The Wild West is more myth than history. I love the history, but become more fascinated with the myth as I get older, and my memories mutate into something more interesting than the naked truth. We know this myth through Hollywood and television, but had its origins in the pulp fiction that grew out of the legendary dime novel.
For those of you who don’t know what a dime novel was, there’s now a website where you can learn all about them, and even read some excellent examples. They came before the pulp magazine, the comic book, and the paperback.
When I downloaded an ebook of Colonel Prentiss Ingraham’s California Joe, the Mysterious Plainsman, the title had me wondering, just who is this California Joe? With my SoCal upbringing, the name conjures up a guy with a surfboard under his arm. What’s he doing as a Western hero?
And oddly enough, the opening line is: “Who is California Joe?” He possibly was Joseph Milmer, or Hawkings, and rumored to be related to Daniel Boone, but: “Of where he was born, his parents and early boyhood life, he never spoke and died leaving all a mystery behind him.”
He’s a prototype for the quiet stranger, Lone Ranger, Man with No Name, who saves the day, kills the bad guys, and rides off in the sunset. In his wraith-like first appearance, he seems supernatural.
We get right into some rip-roaring action as Joe, the seventeen year-old “border boy,” helps the emigrants (as pioneers were called in those days) rig their circled wagons with dummies to make their numbers look bigger, and fend off Bad Blood and his braves.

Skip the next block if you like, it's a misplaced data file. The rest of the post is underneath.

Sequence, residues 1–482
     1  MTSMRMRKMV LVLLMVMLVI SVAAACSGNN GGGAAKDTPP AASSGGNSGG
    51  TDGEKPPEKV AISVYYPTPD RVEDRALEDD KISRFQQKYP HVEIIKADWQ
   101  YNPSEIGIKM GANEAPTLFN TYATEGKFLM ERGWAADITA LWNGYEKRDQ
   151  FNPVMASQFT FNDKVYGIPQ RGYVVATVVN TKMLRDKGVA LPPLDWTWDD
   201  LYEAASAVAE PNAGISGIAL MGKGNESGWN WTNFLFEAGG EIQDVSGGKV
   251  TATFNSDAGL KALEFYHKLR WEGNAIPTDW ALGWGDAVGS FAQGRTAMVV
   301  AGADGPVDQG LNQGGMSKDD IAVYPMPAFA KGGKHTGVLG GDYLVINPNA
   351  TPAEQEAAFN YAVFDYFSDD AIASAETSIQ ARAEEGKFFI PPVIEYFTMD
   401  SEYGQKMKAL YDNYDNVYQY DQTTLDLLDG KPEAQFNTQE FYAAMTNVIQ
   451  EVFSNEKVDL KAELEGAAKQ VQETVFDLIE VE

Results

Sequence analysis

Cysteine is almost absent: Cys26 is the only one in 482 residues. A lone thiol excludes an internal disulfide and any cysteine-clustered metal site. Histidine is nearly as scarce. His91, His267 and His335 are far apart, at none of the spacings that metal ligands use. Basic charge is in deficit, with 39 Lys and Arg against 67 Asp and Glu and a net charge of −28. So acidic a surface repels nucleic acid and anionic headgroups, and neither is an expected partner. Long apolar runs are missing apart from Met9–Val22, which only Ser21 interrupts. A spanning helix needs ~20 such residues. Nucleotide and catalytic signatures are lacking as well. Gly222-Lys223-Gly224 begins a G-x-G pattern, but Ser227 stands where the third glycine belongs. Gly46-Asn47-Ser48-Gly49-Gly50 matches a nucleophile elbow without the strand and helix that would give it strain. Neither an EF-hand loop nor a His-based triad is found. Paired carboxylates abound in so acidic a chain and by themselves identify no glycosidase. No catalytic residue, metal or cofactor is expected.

When four year-old Little Maddie kisses his cheek, he stays on to fend off he “Injuns,” later burning many of them alive in a cavern full of partially mummified corpses and stealing their horses. To which he soliloquized: “It’s a pity they don’t know English so they can cuss, for I know they is mad to make me sorry for them.”
He sells the ill-gotten horses to the U.S. Calvary, and gives the money to Little Maddie.
Years later, a twelve year-old Maddie needs rescuing and protection from desperadoes named Bowie Bob and Panther Pete. No hint of romance is suggested, but this was first published in 1882. Joe and Maddie eventually get married, which wasn’t considered creepy back in the Victorian Era.
General Custer’s My Life in the Plains is quoted, claiming Joe, “was the man whom, upon a short acquaintance, I decided to appoint as chief of scouts.”
But Joe didn’t die at the Little Big Horn: “California Joe was killed, as was his friend, Wild Bill, by the hand of an assassin.”
But he did live on in later incarnations as countless Western heroes who don’t leave their full names. I have a feeling that we’ll be seeing his ghost on new frontiers, long after the Steampunk Era is over.